UBC Theses and Dissertations
Perceptual similarity and member functioning in exercise groups Dunlop, William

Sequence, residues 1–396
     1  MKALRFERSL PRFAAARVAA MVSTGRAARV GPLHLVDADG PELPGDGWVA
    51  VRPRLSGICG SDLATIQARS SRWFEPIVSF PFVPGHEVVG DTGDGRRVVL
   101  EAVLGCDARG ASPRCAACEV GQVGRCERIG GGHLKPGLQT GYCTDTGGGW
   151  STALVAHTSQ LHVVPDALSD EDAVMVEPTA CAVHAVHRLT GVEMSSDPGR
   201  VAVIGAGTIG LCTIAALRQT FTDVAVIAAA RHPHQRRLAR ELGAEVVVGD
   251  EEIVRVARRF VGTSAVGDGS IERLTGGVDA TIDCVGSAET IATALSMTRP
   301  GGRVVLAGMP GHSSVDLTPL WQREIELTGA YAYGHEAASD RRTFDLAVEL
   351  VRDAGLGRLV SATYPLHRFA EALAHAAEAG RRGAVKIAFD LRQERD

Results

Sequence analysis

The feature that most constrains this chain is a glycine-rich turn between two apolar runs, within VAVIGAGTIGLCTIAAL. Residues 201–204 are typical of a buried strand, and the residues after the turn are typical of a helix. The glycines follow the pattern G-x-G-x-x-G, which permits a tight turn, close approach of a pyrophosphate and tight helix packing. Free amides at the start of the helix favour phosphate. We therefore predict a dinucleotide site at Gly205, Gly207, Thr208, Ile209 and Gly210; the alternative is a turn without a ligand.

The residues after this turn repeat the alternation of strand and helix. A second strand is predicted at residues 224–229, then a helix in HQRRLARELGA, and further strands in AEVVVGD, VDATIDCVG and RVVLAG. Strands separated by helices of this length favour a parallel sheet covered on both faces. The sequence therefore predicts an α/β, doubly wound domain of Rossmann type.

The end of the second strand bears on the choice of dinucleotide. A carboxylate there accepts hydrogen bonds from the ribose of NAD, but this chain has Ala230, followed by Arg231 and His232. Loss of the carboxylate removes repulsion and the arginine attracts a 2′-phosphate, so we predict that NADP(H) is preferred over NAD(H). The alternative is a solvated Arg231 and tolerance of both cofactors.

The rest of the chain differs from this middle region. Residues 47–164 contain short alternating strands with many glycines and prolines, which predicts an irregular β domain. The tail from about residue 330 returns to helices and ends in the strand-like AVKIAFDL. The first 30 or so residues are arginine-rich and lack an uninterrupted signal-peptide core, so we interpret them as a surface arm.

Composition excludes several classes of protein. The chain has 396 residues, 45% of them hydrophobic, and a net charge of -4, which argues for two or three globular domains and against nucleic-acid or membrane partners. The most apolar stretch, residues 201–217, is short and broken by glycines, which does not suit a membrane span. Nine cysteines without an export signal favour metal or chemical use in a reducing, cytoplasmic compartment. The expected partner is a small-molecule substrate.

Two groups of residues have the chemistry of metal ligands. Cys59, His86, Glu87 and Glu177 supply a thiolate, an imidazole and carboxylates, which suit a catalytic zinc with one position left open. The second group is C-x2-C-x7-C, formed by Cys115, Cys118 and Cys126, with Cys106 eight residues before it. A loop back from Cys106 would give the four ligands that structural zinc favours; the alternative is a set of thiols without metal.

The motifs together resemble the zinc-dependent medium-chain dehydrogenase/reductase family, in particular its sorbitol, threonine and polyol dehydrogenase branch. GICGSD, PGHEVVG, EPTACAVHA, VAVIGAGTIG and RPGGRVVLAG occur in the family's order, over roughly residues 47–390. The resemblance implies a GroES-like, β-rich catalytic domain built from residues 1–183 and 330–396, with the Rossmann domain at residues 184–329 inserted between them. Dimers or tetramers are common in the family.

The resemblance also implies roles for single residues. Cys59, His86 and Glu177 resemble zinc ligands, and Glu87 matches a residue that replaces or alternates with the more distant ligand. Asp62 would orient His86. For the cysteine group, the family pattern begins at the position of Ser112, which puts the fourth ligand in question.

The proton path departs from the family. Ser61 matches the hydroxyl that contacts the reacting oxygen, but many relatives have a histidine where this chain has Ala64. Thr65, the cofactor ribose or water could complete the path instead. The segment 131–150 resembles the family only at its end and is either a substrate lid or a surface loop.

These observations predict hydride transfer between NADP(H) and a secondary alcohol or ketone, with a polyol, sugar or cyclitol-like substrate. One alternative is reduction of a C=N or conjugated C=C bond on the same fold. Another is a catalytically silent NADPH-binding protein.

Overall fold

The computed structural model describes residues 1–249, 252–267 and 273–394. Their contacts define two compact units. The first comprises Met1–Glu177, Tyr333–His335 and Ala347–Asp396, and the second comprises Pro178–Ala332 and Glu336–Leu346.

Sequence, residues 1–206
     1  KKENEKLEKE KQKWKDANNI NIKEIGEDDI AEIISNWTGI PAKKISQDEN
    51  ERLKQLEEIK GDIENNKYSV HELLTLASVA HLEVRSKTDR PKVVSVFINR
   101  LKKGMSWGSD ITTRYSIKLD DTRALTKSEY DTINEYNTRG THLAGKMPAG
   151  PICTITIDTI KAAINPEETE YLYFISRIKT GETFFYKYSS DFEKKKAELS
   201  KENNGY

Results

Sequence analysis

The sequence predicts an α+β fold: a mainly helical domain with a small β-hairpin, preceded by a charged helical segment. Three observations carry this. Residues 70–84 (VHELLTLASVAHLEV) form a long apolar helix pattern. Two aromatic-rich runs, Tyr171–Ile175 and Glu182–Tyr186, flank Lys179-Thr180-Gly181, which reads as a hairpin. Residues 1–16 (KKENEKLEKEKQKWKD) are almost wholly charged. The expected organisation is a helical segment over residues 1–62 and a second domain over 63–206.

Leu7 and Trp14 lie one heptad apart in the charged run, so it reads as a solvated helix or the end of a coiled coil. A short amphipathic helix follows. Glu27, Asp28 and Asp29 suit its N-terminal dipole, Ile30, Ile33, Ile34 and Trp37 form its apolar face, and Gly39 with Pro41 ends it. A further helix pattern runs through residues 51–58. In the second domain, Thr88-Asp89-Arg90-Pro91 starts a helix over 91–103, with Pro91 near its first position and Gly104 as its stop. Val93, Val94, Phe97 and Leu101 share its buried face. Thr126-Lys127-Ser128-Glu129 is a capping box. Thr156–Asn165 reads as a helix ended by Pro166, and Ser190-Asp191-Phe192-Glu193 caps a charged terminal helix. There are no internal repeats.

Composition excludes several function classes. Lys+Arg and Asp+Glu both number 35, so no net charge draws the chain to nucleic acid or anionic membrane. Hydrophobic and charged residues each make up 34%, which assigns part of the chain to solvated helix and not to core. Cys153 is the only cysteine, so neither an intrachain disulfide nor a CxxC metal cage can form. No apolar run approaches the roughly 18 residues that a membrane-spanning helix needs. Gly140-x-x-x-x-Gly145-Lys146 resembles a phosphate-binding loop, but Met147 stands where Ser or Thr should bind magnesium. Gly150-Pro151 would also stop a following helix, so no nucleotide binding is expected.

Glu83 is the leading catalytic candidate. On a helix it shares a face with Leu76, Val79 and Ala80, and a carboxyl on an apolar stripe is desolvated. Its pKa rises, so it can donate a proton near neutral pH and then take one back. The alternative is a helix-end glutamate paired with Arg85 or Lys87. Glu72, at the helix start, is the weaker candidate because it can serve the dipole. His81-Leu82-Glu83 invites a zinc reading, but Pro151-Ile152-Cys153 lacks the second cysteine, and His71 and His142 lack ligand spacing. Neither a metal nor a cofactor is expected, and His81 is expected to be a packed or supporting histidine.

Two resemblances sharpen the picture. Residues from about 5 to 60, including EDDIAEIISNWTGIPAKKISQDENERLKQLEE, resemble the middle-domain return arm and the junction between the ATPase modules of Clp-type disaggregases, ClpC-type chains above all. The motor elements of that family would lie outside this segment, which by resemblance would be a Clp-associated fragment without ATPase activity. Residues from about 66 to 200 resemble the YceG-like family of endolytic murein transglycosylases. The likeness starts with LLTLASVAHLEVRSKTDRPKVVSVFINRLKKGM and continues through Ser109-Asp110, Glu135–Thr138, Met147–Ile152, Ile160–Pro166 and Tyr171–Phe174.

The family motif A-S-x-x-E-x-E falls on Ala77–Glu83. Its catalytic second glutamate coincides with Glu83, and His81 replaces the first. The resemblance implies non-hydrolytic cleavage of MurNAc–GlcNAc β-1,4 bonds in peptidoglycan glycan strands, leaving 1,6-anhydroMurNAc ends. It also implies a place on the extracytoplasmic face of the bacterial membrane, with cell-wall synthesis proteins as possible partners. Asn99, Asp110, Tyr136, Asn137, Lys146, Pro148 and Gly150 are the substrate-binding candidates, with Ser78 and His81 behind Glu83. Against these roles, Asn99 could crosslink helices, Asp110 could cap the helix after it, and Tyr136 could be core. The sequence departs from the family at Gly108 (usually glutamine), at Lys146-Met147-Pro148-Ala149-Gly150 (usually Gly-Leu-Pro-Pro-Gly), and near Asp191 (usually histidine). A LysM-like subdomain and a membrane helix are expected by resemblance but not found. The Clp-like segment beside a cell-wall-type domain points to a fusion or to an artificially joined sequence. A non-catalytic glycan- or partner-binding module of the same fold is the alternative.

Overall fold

This study explored the relationships between perceived intra-group similarity, cohesion, and adherence among exercise group members. Participants (N = 402) from 46 registered health and wellness courses in a large city in Western Canada completed a questionnaire assessing their perceived level of similarity with the other group members and cohesion three times during the first eight weeks of their course. Data were collected following the second, fifth, and eighth classes (this coincided with the second, fifth, and eighth week of each course). Participants’ initial perception of the proportion of group members that were similar to themselves was found to significantly (and positively) predict program adherence. In contrast, early measures of class cohesion did not predict program adherence. A secondary aim of this study was to apply a theoretical framework developed within the domain of organizational psychology to understand some of the contextual determinants of cohesion in group-based exercise programs. This framework had been used to explain the emergence of cohesion within work groups through the consideration of (a) similarity among members’ surface- and deep-level attributes, and (b) the relative stage of group development (i.e., combined amount of time the group has spent together). Dimensions of task and social cohesion were predicted by both surface- and deep-level similarity perceptions. Findings are discussed in relation to theory development, measurement, and the application of group dynamics principles to behavioral medicine research.
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